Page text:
CURRENT ANCESTOR
© HEAD – Genève, Lison Christe and Maxime Magnin
CURRENT ANCESTOR
© HEAD – Genève, Lison Christe and Maxime Magnin
CURRENT ANCESTOR
© HEAD – Genève, Lison Christe and Maxime Magnin
CURRENT ANCESTOR
© HEAD – Genève, Lison Christe and Maxime Magnin
AI-BYSSAL LUMINESCENCE
© HEAD – Genève, Alexandre Moura and Alejandra Oros
AI-BYSSAL LUMINESCENCE
© HEAD – Genève, Alexandre Moura and Alejandra Oros
AI-BYSSAL LUMINESCENCE
© HEAD – Genève, Alexandre Moura and Alejandra Oros
AI-BYSSAL LUMINESCENCE
© HEAD – Genève, Alexandre Moura and Alejandra Oros
LEGO AI GENERATION
© HEAD – Genève, Beatrice Gorelli and Maÿlis d'Haultfoeuille
LEGO AI GENERATION
© HEAD – Genève, Beatrice Gorelli and Maÿlis d'Haultfoeuille
LEGO AI GENERATION
© HEAD – Genève, Beatrice Gorelli and Maÿlis d'Haultfoeuille
LEGO AI GENERATION
© HEAD – Genève, Beatrice Gorelli and Maÿlis d'Haultfoeuille
LEGO AI GENERATION
© HEAD – Genève, Beatrice Gorelli and Maÿlis d'Haultfoeuille
MASQUERADE
© HEAD – Genève, Leyla Baghirli and Simone Di Mauro
MASQUERADE
© HEAD – Genève, Leyla Baghirli and Simone Di Mauro
MASQUERADE
© HEAD – Genève, Leyla Baghirli and Simone Di Mauro
MASQUERADE
© HEAD – Genève, Leyla Baghirli and Simone Di Mauro
OPEN IRMA
© HEAD – Genève, Paul Bellon-Serre, Thibaud Goiffon and Chloé Michel
OPEN IRMA
© HEAD – Genève, Paul Bellon-Serre, Thibaud Goiffon and Chloé Michel
SEX 2.0
© HEAD – Genève, Manon Waneukem and Tiki Bordin
SEX 2.0
© HEAD – Genève, Manon Waneukem and Tiki Bordin
SEX 2.0
© HEAD – Genève, Manon Waneukem and Tiki Bordin
SEX 2.0
© HEAD – Genève, Manon Waneukem and Tiki Bordin
SEX 2.0
© HEAD – Genève, Manon Waneukem and Tiki Bordin

Master Media Design : Design with Machine

November 2020

Professeur Matteo Loglio
Accessible computing power, huge amounts of data, open source algorithms and a plethora of new accessible tools are just some of the factors that contributed in making machine learning and AI one of the most popular subjects across almost any discipline.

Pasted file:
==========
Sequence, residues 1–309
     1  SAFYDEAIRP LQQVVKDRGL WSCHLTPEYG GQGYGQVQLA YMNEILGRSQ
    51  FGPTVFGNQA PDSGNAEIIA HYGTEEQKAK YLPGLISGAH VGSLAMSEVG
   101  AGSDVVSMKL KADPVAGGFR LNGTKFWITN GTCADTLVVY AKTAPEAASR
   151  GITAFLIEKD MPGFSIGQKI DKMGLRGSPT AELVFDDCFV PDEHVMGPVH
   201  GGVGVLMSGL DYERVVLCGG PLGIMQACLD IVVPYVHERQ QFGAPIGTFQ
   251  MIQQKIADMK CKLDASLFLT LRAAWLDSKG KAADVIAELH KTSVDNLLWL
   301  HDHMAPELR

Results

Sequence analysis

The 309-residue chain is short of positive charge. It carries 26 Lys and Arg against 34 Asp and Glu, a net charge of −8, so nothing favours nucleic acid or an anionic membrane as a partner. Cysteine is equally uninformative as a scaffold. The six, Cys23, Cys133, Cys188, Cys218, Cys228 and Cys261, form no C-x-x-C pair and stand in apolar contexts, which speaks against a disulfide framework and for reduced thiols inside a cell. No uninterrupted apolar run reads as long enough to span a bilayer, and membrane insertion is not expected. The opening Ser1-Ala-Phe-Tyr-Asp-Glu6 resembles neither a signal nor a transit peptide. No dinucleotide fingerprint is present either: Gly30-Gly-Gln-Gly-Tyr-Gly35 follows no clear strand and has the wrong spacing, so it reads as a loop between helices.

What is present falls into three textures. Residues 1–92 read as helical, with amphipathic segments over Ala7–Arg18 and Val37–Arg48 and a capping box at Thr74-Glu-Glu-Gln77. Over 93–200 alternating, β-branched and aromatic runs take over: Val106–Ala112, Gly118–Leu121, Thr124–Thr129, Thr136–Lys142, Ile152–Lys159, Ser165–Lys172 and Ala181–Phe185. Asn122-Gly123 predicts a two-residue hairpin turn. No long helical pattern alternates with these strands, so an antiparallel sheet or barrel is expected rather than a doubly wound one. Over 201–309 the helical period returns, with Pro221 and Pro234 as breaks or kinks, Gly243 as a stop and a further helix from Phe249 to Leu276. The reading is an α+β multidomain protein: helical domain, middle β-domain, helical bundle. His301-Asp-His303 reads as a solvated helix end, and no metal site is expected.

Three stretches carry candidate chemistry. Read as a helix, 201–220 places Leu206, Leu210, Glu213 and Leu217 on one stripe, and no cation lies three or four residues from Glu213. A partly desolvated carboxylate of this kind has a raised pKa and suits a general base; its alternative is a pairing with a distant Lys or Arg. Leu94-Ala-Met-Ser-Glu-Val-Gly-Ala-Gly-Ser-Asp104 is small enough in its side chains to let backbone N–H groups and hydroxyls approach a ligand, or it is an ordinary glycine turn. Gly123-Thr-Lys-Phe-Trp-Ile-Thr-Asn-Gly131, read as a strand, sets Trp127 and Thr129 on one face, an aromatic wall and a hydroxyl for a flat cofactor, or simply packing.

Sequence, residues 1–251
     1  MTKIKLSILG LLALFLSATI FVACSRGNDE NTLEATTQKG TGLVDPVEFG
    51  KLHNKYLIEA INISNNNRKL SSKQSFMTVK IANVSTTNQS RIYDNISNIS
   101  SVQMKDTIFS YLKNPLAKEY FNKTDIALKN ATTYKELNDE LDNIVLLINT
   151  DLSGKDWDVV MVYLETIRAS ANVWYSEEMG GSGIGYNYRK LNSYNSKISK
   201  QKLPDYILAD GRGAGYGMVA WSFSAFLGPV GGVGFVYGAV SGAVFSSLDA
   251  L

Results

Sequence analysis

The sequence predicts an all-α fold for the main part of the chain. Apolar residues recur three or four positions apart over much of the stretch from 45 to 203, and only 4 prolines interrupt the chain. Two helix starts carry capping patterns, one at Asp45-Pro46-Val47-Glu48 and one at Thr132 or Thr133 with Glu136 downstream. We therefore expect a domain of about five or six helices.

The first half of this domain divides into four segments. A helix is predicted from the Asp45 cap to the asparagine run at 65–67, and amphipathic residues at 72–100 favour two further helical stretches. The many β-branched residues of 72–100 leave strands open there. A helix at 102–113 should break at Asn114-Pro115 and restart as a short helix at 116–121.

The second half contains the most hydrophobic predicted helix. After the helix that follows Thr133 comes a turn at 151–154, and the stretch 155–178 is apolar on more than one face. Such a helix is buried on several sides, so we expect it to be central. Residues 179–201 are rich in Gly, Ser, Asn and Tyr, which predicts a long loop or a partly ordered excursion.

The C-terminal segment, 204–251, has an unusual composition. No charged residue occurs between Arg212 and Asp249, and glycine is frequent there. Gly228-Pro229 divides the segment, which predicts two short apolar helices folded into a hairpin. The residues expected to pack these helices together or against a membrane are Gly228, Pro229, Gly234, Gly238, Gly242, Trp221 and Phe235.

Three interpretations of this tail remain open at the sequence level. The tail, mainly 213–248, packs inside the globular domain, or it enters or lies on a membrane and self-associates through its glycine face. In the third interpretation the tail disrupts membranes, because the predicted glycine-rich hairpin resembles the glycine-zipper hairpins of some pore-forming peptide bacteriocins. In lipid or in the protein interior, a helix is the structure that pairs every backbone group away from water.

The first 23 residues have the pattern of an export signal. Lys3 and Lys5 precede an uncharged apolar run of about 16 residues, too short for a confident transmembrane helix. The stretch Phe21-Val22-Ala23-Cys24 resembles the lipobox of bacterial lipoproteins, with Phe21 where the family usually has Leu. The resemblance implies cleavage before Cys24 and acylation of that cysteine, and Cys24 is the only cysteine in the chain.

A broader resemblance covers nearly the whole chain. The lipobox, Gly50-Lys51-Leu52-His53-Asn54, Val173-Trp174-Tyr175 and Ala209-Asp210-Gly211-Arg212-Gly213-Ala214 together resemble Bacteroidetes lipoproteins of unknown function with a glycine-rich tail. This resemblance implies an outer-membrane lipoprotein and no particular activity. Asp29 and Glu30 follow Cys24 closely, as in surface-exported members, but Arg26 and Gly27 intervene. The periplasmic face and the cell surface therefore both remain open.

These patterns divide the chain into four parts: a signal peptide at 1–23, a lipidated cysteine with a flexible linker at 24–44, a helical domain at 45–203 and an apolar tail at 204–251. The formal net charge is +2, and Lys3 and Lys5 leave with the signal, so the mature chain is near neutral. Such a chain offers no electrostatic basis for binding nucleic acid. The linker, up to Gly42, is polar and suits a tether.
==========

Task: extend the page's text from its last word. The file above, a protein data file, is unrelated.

This rise in popularity is not happening only across science and technology, but also in art and design. New creative tools have been released, and creators started including AI in their practice. In the past few years we've all seen many artworks and design pieces dealing with artificial intelligence and algorithmic design. 

This workshop is an experiment of a creative collaboration between humans and machines. An experimental way of introducing algorithmic design in the creative process, while getting familiar with the underlying mechanics. 

How could we use generative machine learning technology to create unexpected outputs? 

We'll be introducing artificial intelligence as a tool in the creative process, by teaching the algorithm to generate new designs, and then we humans will re-interpret the outcome to generate something new.

PROJECTS 

AI-BYSSAL LUMINESCENCE
by Alexandre Moura and Alejandra Oros 

Since Prehistoric ages, us humans have had a profound reliance on tools for our survival. This is in fact what make us unique in the animal world. Starting with stone artifacts from about 3.3 million years ago, we shaped our worlds through the use of tools and technological systems.  

The discovery of fire, thanks to human created tools, not only created light and heat, but also lit up human evolution. Something similar happened with sea creatures in the abyss of the sea. Living in an entirely dark environment made them evolve to be able to create light by themselves through bioluminescence.  

Light appears to be something essential for evolution. No matter where we look, we all need it, and we all have evolved around it. Sea creatures developed bio-luminescence. Us humans used stone tools or in other words, the "highest tech" of the prehistoric times.  

This made us wonder what would happen if we recreate the making of light sources with our current highest technologies, the same way prehistoric men did, but in their future (our present).

For this, we decided to feed an AI with more than 900 pictures of pendant lamps and lamp-like organic beings that emit light, in this case jellyfish. The AI then would autogenerate lamp-like objects, which would then serve us as inspiration for new luminary design.  

Having the AI generated images, we chose 3 of them as inspiration and created new light source objects by using Blender as a 3d modeling tool. The result: AI-byssal Luminescence, a collection made by Machine-Human cooperation. 

LEGO AI GENERATION
by Beatrice Gorelli and Maÿlis d'Haultfoeuille

If we feed a machine with the dataset of Legos, will it create a new lego? Yes, plenty of it, with curious and weird shapes. 

The Lego purpose is to inspire and develop children to think creatively, reason systematically and release their potential to shape their own future - experiencing the endless human possibility.
 
According to that we decided the output of our project which is really close to the images that we got, so mostly abstract shapes.
 
Might be possible to have the feeling to recognise some shapes, probably because they are more organic then the usual ones.